Meanwhile, five days after saying on television that it was still too early to give the public details, he was in the president’s office submitting an official report. So, what changed that he suddenly had all the facts to share with the president? It is also curious that he went all the way to the FCT to give the president a copy of a report he has yet to share with the public. I do not understand—and this is not for lack of trying—why the president should be enlightened on the incident while the public is kept in the dark. The president was not directly affected by the explosion, and his receiving a copy of the report cannot be more urgent.
Makinde serves the mandate of the Oyo people, not that of Bola Tinubu. He owes it to the public to give a detailed account of the incidents.
Once he had a complete report, he should have addressed a press conference. Since he has their names and the official business, tell us who they are. Were they among the casualties or they escaped from the scene of their crime unhurt? If they are still alive, when are they going to be charged in court? Did they own the house they lived in or rented it? If the house was rented, was the landlord aware they were storing explosives in his house? Also, did they work alone or they had a ring of collaborators who can also be held accountable? If they are a registered organisation, do they still have their mining licence, or it has since been withdrawn?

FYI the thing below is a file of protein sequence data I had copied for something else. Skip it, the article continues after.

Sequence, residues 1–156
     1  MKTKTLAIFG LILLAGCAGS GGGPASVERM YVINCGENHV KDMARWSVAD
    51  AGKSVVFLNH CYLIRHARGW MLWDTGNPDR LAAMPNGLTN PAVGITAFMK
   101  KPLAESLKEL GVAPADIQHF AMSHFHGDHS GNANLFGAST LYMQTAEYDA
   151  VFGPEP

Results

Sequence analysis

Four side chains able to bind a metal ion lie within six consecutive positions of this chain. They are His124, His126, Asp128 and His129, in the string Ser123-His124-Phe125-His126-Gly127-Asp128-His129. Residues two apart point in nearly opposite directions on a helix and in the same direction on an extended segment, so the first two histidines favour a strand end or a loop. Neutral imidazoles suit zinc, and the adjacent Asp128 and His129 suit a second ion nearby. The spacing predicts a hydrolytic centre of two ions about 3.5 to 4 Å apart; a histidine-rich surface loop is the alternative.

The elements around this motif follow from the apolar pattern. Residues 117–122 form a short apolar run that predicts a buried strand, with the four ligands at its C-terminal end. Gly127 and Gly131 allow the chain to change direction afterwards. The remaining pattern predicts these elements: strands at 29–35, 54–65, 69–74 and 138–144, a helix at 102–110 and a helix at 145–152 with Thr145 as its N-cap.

You said you have the names of the people involved plus the registered name of their company, why are you still protecting their identity? Let the public know who they are, where else they have been operating, and how much the company is worth so that those affected can consider filing a class action suit against them. Who knows, the public might even have more details about their activities that might be useful in prosecuting them.